Category Archives: Philosophy

You Never Lose By Giving Love

Written and verified by the psychologist Valeria213

You never lose by giving love, because offering it with sincerity, passion, and delicate affection dignifies you as a person. On the other hand, those who don’t know how to accept or take care of this immense gift are those who truly lose out. For this reason, you should never regret having loved and lost, because the worst thing is not knowing how to love.

Fortunately, neuroscience offers new and revealing information every day that explains why you act as you do concerning this thing called love. The first thing to remember is that your human brain isn’t prepared for loss. Hence, it overtakes you, immobilizes you, and traps you in suffering.

“Love has no cure, but it is the only medicine for all ills”

-Leonard Cohen-

You’re genetically programmed to connect with others and build emotional ties. These make you feel safe and help you build your life. In fact, this is how we’ve survived as a species, by connecting with others. Therefore, a loss, a separation, or even a simple misunderstanding can instantly trigger an alarm signal in your brain.

Another complex aspect concerning emotional relationships is the way in which you face these separations and losses. From a neurological point of view, stress hormones are instantly released, forming, in many cases, what we know as ‘the broken heart’. However, from an emotional and psychological point of view, you may experience another kind of reality.

In fact, you don’t only experience the pain related to losing your loved one. You also feel a loss of energy, of vital breath. It’s as if all the love you gave, all the hopes and affection you dedicated to that person are gone as well, leaving you feeling empty, barren, and withered.

How can you ever love again if the only things left inside you are bad memories? Well, as a matter of fact, you need to face these moments in a different way. Let’s take a closer look.

give love

Continue giving love or avoid loving again?

You’re comprised of a delicate and chaotic compendium of past stories, lived emotions, buried bitterness, and camouflaged fears. When you start a new relationship, you don’t put all your previous experiences in the recycling binYou don’t start from zero. Everything’s still there, and the way in which you’ve managed your past will dictate whether you live your emotional present with greater maturity and fullness.

“Tis better to have loved and lost than never to have loved at all. “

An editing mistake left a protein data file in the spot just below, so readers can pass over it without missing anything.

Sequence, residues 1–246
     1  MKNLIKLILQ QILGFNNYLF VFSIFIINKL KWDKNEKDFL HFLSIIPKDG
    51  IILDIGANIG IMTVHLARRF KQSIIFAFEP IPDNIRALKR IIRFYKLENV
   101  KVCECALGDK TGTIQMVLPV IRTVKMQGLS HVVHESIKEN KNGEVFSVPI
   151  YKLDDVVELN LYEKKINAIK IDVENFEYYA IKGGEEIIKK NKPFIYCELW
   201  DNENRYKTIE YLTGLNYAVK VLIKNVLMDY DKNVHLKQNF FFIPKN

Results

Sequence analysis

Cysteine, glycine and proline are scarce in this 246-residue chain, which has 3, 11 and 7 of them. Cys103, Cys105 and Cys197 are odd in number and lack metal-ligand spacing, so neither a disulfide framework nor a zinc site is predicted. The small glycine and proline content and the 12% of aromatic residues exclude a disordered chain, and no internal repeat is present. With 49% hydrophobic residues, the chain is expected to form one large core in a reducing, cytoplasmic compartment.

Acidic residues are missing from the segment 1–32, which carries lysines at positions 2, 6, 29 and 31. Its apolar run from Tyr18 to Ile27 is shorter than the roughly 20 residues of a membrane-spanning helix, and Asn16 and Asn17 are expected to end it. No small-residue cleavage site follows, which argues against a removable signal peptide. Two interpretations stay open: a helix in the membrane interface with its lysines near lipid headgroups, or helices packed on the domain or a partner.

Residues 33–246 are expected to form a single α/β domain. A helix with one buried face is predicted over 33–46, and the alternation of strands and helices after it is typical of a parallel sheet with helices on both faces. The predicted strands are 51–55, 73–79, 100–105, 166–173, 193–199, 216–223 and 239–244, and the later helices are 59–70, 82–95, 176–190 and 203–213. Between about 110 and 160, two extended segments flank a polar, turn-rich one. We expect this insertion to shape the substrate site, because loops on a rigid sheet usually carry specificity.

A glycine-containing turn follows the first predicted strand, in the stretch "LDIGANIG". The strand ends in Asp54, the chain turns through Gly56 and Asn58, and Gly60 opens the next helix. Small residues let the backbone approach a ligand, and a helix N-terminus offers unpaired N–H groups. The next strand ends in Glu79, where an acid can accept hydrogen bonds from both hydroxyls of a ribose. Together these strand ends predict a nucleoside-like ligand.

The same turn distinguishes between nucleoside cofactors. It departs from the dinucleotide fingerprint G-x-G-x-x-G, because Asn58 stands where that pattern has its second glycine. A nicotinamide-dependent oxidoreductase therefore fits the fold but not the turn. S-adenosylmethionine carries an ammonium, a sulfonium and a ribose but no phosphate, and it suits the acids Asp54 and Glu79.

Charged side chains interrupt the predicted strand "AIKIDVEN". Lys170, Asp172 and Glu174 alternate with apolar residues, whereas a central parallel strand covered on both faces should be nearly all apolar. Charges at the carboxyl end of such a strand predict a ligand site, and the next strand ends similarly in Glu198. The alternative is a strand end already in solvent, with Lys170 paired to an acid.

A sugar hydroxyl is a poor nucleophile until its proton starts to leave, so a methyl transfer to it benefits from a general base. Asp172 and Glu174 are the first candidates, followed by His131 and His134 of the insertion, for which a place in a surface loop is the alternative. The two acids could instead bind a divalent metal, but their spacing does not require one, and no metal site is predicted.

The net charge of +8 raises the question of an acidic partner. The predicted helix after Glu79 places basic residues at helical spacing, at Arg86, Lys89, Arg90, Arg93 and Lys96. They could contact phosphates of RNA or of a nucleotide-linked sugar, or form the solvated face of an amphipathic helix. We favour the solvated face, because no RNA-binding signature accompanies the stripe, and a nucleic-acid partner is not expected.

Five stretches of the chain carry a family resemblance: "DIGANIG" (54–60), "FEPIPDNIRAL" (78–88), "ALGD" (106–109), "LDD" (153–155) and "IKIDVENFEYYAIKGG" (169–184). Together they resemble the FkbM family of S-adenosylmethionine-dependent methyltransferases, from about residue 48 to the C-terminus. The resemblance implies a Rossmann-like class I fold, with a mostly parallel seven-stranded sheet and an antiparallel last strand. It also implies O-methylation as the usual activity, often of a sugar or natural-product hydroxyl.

-Alfred Lord Tennyson-

A bitter betrayal or the simple fact that your partner’s love for you has died greatly changes the way you see things. In fact, giving love so intensely at one point, only to later find yourself feeling empty and trapped by your memories and lost dreams can completely alter the make-up of your personality.

For example, you might become distrustful. Alternatively, you might adopt the isolating attitude of thinking that, to avoid suffering, it’s better not to love at all. However, these are slow processes of self-destruction.

You must never regret having loved, of risking all or nothing for that one person. It’s these acts that dignify you, that make you a wonderful human being. Living is loving and giving love gives meaning to your life through all the things you do: your work, your hobbies, and your personal and emotional relationships.

If you renounce love or regret having loved, you also renounce the most beautiful part of yourself.

Healing lost love

Binghamton University (USA) and University College, London (UK) conducted a study that stated there are certain differences between men and women when it comes to coping with emotional breakdowns. In fact, their emotional responses are very different. For example, women feel the impact of separation much more. However, they tend to recover earlier than men.

On the other hand, men usually appear, on the surface, to be okay. They give the impression of being strong and tend to take refuge in their occupations and responsibilities. Nevertheless, they don’t always manage to overcome the break-up. Furthermore, they may take years to do so. The reason for this is that women usually possess better skills in managing their emotional world. In fact, they gain relief because they seek help and they face what happened from a forgiving perspective. This makes moving on easier.

However, regardless of gender, or the reason that caused the break-up, there’s one thing that should be taken into account. It’s the fact that no emotional failure should ever prevent you from being happy again. Therefore, you must say no to being a slave to the past and a prisoner of eternal suffering.

give love

Another aspect that you should remember is that loving isn’t synonymous with suffering. For this reason, you shouldn’t ever keep a relationship going that’s well past its sell-by-date. Removing yourself will save unnecessary heartbreak and your brave goodbye will close one door and another will open, the one where love will be conjugated with the word happiness.

OpEd: Scientific Materialism Is A Busted Philosophy

by Daniel Pinchbeck
Edited by Ryan DeLarme

Scientific materialism posits that the physical universe exists independently of consciousness, and that minds emerge through an accidental process of physical and biological evolution. Materialism — or physicalism — has been the dominant ideology of the last two centuries, pervasively inflecting every aspect of our society.